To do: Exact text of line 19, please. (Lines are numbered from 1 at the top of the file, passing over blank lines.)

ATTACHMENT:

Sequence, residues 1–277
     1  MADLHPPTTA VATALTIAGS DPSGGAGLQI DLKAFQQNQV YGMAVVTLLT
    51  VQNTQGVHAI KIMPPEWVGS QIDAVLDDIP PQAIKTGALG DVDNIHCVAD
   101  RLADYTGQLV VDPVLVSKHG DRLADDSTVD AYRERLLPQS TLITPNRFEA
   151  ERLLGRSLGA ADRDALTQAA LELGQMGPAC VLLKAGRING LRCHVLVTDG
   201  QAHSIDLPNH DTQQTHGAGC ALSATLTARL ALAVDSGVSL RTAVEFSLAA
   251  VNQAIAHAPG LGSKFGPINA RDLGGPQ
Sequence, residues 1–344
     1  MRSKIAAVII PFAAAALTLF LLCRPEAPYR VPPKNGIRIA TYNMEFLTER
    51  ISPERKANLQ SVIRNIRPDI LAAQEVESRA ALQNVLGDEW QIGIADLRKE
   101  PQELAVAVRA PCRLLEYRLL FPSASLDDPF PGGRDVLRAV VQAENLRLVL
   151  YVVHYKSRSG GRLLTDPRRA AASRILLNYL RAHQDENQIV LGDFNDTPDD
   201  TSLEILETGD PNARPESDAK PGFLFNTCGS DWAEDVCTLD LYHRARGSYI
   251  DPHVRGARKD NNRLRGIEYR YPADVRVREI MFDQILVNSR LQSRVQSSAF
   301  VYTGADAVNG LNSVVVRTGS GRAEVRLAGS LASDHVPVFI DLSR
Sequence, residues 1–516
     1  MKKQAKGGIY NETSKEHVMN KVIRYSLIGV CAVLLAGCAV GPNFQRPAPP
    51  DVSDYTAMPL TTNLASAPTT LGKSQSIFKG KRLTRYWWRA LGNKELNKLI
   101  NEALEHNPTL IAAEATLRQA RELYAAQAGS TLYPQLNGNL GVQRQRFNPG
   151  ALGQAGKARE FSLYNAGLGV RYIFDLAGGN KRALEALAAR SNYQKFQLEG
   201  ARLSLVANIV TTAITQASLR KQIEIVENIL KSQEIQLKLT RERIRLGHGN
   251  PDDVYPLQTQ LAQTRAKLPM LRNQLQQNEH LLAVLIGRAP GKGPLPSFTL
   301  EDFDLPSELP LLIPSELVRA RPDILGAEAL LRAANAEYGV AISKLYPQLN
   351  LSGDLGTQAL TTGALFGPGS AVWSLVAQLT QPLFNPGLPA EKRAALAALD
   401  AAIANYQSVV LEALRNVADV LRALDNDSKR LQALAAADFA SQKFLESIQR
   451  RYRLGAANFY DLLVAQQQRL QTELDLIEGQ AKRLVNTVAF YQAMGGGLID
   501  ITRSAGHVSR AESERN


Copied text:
   101  NEALEHNPTL IAAEATLRQA RELYAAQAGS TLYPQLNGNL GVQRQRFNPG